The story of Gertrude Hawk Chocolates began with a need. In 1936, Gertrude Hawk needed money.  Her family was struggling financially during the Great Depression. Her husband’s job as a car salesman was not enough. Facing this need, Gertrude turned to a skill she possessed: chocolate making and dipping.  She had learned the craft of chocolate at a local shop when she was a teenager. Gertrude left school after her father died when she was twelve and was helped to support her family then as a chocolate dipper. At two moments in her life—as a teenage girl and as a middle-aged woman—Gertrude answered the needs of her family by going to work. This moment in 1936 when Gertrude Hawk used the best skills she had and started a business in her kitchen would shape her life, her community, and her family’s for generations.

One of Gertrude’s first customers was a local church that also needed funds. Partnering with churches, schools, and other non-profit organizations to fundraise became one of the hallmarks of Gertrude’s kitchen-based business (of chocolate covered goodness).


Pictured right: The kitchen of Gertrude Hawk Chocolates on Mark Avenue in Scranton, Pennsylvania.


From 1936-1945 Gertrude continued to make chocolates in her kitchen. When Gertrude’s son Elmer returned from serving in World War II he also had a need: to work. Like many members of his generation, Elmer Hawk was driven and not afraid of hard work. One of the things he wanted was to own his own business. He took business classes at a local college funded by the GI bill and realized the answer to his career-path dilemma was right in front of him: his mother’s chocolate business. Gertrude and Elmer formed a partnership and she taught him about the craft of chocolate making.

Pictured left: Elmer, Gertrude and their son Elmer.

Maybe because I liked eating chocolate. It’s a fun business.
Very rarely do you meet someone who doesn’t enjoy chocolate.

— Elmer Hawk

Over the years, Gertrude Hawk Chocolates expanded, fueled by a reputation for quality, Gertrude’s recipes, and Elmer’s business acumen. Elmer married Louise Horger Hawk and soon two families entirely depended on the chocolate business for their livelihood. In 1959, an interstate highway project needed Gertrude and Elmer Sr’s home. In response, Gertrude Hawk Chocolates built a new store and factory nearby. Gertrude and Elmer Senior lived in an apartment above the factory.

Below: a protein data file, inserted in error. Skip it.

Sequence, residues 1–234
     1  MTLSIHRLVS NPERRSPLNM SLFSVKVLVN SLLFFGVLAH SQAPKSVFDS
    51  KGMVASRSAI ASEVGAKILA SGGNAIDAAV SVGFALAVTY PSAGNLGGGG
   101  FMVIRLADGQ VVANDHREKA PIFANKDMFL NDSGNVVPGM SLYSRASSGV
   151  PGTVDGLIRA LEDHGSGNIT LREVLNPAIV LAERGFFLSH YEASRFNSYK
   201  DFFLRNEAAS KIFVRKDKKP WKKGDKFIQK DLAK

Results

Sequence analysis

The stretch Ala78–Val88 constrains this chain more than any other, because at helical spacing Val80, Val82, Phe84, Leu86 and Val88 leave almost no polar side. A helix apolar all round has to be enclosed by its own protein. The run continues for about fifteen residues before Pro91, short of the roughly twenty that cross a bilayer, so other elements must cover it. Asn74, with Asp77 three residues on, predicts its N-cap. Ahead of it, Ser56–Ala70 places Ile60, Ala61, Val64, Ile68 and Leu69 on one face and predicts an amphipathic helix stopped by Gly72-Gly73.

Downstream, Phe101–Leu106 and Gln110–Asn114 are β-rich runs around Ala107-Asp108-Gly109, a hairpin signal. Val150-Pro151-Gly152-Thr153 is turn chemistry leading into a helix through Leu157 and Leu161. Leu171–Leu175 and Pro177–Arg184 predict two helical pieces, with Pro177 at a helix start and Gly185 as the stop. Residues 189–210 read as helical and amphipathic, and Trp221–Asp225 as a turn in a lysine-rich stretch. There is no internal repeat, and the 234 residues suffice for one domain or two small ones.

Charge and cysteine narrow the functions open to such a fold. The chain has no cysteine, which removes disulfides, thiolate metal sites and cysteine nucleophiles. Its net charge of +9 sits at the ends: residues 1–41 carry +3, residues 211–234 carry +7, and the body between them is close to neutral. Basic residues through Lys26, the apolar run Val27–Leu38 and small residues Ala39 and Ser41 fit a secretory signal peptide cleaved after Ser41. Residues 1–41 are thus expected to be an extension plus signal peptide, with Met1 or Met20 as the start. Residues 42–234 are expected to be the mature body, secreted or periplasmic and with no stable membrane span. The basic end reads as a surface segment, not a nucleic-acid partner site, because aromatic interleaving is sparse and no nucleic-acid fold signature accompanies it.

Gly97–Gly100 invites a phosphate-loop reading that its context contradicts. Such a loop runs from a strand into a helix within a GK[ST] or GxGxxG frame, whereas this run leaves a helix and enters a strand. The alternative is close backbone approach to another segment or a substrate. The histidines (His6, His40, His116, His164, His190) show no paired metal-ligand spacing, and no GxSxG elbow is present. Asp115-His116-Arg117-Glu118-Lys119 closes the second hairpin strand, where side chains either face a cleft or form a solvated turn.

Pictured left: The location on Drinker Street in Dunmore, Pennsylvania.

In 1971, Elmer and Louise’s son David joined the family business.  Elmer and David formed a lasting partnership. David’s need was a bit different from his father and his grandmother: he needed to grow and innovate. Under David’s leadership, Gertrude Hawk Chocolates would expand its geographic footprint out of northeastern Pennsylvania. In the early 1980’s the company would invest in a one-shot shellmolder, a new process for forming molded chocolates. Soon after this investment was made, the Smidgen was born! Peanut Butter Smidgens quickly became our #1 selling chocolate and remains so today. 


Pictured to the right: David and Elmer Hawk.

Gertrude Hawk's American dream became a family heirloom

Gertrude Hawk Chocolates would continue to grow through the 1990’s, 2000’s, 2010 until today.  We are proud of our reputation for quality, craftmanship, and innovation with generations of customers and in the chocolate industry. We are firmly rooted in our home community and the state of Pennsylvania, and we also have stores in New Jersey and New York. We help hundreds of school, community, and non-profit organizations meet their monetary needs with our fundraising programs. The Hawk Family Foundation contributes more than one million dollars a year towards bettering our community. 

Today, all four of David Hawk’s children work and contribute in some capacity at our company. Our goal is to continue the tradition of bringing delicious chocolate covered happiness to the world for generations to come!

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